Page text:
This month, Oct. 31, marks the 500th Anniversary of the Protestant Reformation – its beginnings pegged to the posting of Martin Luther’s 95 Theses criticizing practices of the Roman Catholic Church of his day. The anniversary has been observed over the past year with a variety of events, publications and reflections (including our Lenten series earlier this year).
Martin Luther’s points were valid and he hoped they would help reform the church. The institutional church, however, resisted to the point of excommunicating Luther, who had to go into hiding to avoid a death sentence. The movement for change could not be stopped, however, and Luther’s hoped-for reforms became a reality. Basically, those reforms were to bring the saving, freeing, grace-delivering power of the gospel back to the hearts and lives of the common people. Translating the Bible into common German was one of the powerful ways this was accomplished.
What difference does all this make to us today? Why does it matter? Here are some thoughts …
Learning from history: Reformation history shows us how far afield even the church itself can get when it clings too tightly to power and control and self-righteousness. We think we’re doing the right thing by holding fast to doctrines and practices and understandings that seem to have served well for generations. But God’s Word itself shows that God is often about “doing a new thing” to keep His children alive in the Spirit and reach the lost sheep of the day. Reformation teaches us to keep an open heart to the movement of the Spirit.
Remembering what is of central importance: Martin Luther’s issues with the Roman Church centered around the understanding expressed in Ephesians 2:8-9: “For by grace you have been saved through faith, and this is not your own doing; it is the gift of God—not the result of works, so that no one may boast.” Remembering that all have sinned and are in need of a Savior keeps us honest, non-judgmental and free of performance pressure and guilt.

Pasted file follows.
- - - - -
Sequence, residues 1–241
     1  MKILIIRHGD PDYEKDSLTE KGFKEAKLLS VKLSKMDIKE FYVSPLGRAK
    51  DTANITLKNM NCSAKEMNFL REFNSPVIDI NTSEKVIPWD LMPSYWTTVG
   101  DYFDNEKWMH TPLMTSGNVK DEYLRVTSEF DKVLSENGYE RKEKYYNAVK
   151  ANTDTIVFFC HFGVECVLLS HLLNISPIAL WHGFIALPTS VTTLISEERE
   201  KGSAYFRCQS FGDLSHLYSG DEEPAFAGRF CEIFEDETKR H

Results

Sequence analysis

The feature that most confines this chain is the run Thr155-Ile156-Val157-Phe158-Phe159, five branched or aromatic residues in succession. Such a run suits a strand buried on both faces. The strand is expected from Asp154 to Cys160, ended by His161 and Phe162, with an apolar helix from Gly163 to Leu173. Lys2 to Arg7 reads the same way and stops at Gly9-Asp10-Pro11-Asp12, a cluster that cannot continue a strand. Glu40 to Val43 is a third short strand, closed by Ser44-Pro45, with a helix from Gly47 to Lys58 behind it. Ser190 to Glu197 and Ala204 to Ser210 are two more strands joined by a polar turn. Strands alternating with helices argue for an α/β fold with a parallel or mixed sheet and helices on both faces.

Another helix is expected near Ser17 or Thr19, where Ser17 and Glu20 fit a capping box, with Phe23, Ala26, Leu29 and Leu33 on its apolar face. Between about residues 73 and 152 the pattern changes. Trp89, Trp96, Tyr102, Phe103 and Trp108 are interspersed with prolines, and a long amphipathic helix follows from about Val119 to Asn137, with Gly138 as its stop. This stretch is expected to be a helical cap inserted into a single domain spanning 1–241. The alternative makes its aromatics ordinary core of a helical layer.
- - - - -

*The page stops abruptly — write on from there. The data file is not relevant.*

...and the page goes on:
Keeping the focus on God’s Mission rather than our own comfort and ease: Reformation reminds us that God’s Holy Spirit will not be stopped in God’s mission of winning souls and bringing about healing, reconciliation and peace to God’s children. The question we need to continually ask ourselves is, will be on board? If so, we may find ourselves in need of changing sometimes. Change often requires losing or letting go of something that has brought security, comfort and meaning in the past. That is hard and scary but often necessary. Going with the flow of the Spirit’s power, however, turns out to be life giving, bringing a new sense of peace and meaning.
All that said, it seems a little ironic that our own Reformation Sunday celebration this year will be a return to some ancient liturgical practices. Here’s the thing about that. Even though Reformation led to great diversity in the church, in more recent years, it is leading back to unity, as different denominations are called to reflect together on the central beliefs that unite us. When we practice the same liturgical words and actions that our brothers and sisters have observed for centuries, it reminds us of our unity in Christ. And that is also something to be celebrated!